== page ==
[Gates] am able to effectively reflect, reset, and clearly rethink my goals and aspirations.”
Mike Karnjanaprakorn, CEO/founder of Skillshare described his Think Week, “I was able to make a clear decision on what I wanted to do next with my personal and professional life. By disconnecting from the world, time moved really slow. I really got to enjoy the moment, which we often neglect in our chaotic worlds.”
After engaging two Think Weeks back to back, mine has become a constructive break from the normal routine. I disconnect and explore items from a quiet space, and larger view, to access my creative thinking, and to reflect, reset, and clearly rethink goals and direction.
It is important to structure your Think Week.
Bill Gates is highly organized and has enrolled colleagues and friends to send him items – reports, magazine articles, and books – to review for his two yearly Think Weeks. He spends 15 hours a day plowing through the material and connecting dots in ways not possible in his everyday life.
I find my Think Week works well by setting an intention. Last year I took my week before launching this blog. I explored its direction, audience, and approach. I played with many blogs, researched models, and considered many topics. With that, I ended up writing drafts of seven blogs – but more important, I sank into a blogging zone that I can now tap during my ordinary routine.
This year, having ventured halfway into a two-year Buddhist immersion program on contemplative psychotherapy, I decided to use my Think Week to draft a Contemplative Pedagogy for the program. More importantly, when completed it will become a manifesto for the next leg of work at our firm.
For me, a balanced Think Week involves creating a clear intention and allows for enough time each day for the unexpected to arise. It’s time to let go of to-do lists, measured results, and goals that are too specific. The thinking you can access will offer something unexpected. Be intentional, and be surprised.
Design Your Week.
First, find a place that moves you. I selected a small town, two hours north of New York City on the Hudson River by way of Amtrak. It has a consciousness that’s a match for me: it’s a walking town on the river, has used bookstores, coffee shops, meditation and yoga centers and some fine dining. I am not vacationing but I take daily walks to unwind, and spend a segment of mid-day time writing in a coffee shop, so these items are important.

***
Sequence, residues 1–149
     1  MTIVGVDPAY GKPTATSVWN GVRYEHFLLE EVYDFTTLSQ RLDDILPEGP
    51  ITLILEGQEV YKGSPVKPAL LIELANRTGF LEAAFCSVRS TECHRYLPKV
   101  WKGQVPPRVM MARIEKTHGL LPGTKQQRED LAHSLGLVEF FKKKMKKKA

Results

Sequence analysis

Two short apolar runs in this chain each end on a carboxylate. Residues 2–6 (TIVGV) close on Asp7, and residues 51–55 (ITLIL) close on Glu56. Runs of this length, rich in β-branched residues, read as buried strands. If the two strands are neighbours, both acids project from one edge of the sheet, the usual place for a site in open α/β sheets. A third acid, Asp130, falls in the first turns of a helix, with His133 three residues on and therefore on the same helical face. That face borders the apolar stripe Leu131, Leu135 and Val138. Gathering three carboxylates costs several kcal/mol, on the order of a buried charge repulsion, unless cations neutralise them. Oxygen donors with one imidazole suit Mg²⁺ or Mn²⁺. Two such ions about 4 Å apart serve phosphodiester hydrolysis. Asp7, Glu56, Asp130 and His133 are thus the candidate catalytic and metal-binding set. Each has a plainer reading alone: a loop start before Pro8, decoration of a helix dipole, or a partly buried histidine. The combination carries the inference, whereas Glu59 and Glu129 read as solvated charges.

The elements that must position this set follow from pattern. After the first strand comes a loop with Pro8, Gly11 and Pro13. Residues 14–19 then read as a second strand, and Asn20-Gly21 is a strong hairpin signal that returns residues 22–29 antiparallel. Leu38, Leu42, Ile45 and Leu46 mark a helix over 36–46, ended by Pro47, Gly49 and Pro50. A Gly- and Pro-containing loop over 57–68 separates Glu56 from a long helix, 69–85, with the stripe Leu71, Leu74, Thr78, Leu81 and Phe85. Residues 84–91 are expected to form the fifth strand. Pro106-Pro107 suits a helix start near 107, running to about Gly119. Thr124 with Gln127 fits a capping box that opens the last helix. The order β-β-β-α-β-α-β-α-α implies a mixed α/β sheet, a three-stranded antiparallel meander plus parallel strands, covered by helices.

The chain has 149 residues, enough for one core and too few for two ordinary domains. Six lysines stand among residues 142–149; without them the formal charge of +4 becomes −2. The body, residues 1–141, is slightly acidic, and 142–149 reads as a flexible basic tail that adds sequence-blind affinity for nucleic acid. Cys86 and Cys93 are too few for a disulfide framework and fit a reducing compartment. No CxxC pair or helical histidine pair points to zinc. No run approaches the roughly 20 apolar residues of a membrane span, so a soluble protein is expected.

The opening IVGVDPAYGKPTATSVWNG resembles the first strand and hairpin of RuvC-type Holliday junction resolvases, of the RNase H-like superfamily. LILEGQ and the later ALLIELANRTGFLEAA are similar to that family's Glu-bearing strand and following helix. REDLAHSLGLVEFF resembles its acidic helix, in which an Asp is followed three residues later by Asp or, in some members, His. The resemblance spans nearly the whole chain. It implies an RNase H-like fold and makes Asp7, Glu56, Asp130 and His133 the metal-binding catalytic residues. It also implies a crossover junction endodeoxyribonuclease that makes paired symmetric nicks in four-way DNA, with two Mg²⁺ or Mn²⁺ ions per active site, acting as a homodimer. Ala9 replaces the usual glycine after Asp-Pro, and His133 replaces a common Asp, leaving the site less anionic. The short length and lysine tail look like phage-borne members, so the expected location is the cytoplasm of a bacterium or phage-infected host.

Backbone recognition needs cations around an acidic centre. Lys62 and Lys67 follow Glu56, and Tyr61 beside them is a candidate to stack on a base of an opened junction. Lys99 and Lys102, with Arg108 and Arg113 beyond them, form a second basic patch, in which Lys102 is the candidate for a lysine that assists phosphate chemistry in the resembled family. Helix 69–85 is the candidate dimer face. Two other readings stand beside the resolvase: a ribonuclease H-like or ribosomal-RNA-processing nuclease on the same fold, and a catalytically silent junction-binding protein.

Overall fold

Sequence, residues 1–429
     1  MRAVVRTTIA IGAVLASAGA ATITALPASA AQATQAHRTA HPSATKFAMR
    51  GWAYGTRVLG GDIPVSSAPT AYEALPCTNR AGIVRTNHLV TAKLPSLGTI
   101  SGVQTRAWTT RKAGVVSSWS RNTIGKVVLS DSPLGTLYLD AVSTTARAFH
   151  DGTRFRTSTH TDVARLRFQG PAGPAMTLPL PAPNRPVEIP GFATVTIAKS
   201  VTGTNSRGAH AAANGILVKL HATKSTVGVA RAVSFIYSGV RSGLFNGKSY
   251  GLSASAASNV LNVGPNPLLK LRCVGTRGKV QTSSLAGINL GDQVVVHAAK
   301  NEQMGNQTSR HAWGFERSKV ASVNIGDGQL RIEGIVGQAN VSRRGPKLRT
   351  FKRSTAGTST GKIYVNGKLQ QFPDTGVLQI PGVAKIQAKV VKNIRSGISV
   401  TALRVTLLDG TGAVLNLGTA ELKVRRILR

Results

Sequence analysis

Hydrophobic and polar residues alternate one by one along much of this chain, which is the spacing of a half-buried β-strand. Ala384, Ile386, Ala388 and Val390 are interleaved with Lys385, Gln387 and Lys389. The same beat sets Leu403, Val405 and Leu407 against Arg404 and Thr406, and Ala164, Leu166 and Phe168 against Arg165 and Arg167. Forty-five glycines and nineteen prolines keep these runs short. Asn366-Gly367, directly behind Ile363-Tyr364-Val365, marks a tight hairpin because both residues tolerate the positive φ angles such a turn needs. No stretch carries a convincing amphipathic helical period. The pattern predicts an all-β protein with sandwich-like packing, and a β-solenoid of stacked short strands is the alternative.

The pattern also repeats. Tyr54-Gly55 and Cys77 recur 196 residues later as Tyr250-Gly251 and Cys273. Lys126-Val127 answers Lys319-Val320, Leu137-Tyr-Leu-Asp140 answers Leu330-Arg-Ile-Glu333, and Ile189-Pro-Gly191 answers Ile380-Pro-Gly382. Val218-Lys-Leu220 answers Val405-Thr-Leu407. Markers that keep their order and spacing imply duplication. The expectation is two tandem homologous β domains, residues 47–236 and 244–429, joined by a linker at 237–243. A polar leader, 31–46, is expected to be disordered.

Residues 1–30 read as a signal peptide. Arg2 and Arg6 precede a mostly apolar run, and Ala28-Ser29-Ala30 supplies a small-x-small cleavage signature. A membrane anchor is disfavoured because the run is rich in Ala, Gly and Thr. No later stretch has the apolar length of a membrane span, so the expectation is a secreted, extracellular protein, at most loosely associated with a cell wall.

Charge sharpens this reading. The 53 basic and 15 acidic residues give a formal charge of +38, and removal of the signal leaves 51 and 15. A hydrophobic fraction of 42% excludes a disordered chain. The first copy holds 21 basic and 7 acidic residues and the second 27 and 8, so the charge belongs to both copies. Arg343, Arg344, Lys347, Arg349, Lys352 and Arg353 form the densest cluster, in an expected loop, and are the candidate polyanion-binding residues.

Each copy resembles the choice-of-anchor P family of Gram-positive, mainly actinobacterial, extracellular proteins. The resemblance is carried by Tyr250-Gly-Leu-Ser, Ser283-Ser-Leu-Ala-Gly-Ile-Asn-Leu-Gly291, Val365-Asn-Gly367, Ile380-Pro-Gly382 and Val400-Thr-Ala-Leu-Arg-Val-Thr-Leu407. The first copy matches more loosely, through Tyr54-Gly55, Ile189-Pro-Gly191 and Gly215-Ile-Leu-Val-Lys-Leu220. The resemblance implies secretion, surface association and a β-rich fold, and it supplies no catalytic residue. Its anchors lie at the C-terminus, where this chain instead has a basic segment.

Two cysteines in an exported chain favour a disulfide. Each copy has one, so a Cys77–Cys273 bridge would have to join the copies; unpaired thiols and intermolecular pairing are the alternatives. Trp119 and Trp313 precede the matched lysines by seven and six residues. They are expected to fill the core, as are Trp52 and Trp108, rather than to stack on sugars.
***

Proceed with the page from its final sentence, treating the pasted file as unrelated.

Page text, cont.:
Second, handle incidentals in advance. The point of a Think Week is to attain a different level of thinking, so it’s important to handle as many incidentals in advance as possible. If possible, arrange for groceries to be delivered, or handle it all on the first day. Plan meals for minimum preparation and ease. Get plenty of “no-screen” time, away from gadgets. Bring notepads to capture thoughts when away from screens.
Third, develop a routine that engages you. Stretch beyond ordinary routines to discover what engages you. I structure my days into fourths: 1) morning block, 2) mid-day block, 3) evening block, 4) nighttime block. I leave my rental during the mid-day block to allow my mind to wander a bit. It’s good to eat at the same time every day, and to find time daily for breathing, even if in 10-minute breaks.
Fourth bring material that engages you. In addition to books and papers to read, I bring longer podcasts, specifically to provoke thought. The idea here is to pull yourself out of “urgent” thinking or pressing items. Explore bigger questions and different perspectives. Many of my clients and colleagues offer suggestions. I like Ezra Klein’s podcasts, so among those I chose were four provocative and thoughtful podcasts:
Having completed two annual Think Weeks, I can see engaging these twice yearly, as I’ve discovered some important unexpected benefits:
- Having these weeks scheduled in advance allows me to steer items into buckets for deeper reflection and exploration.
- Knowing that I have these weeks, invites colleagues and clients into unexpected dialogues, and deeper relationships.
- Given the nature of change and information, today, these Weeks offer sacred quiet time, and clear space, with no “productive” agenda — a time to train thinking muscles, care for the mind and cultivate my being, as relied on by many throughout the year.
- In a relaxed environment, these weeks remind me about what matters most.
Think about it for yourself.
Reading Time: 5.5 min. Digest Time: 7.5 min.
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Tony Zampella is the learning designer at Bhavana Learning Group, which serves coaches, educators, and learning professionals and executives.
As an instructor, researcher, and designer of contemplative learning programs and practices, Tony’s work explores the human side of change by bringing wisdom to learning. His focus includes ontological inquiry, Integral meta-theory, and Buddhist psychology to sustain contemplative practice.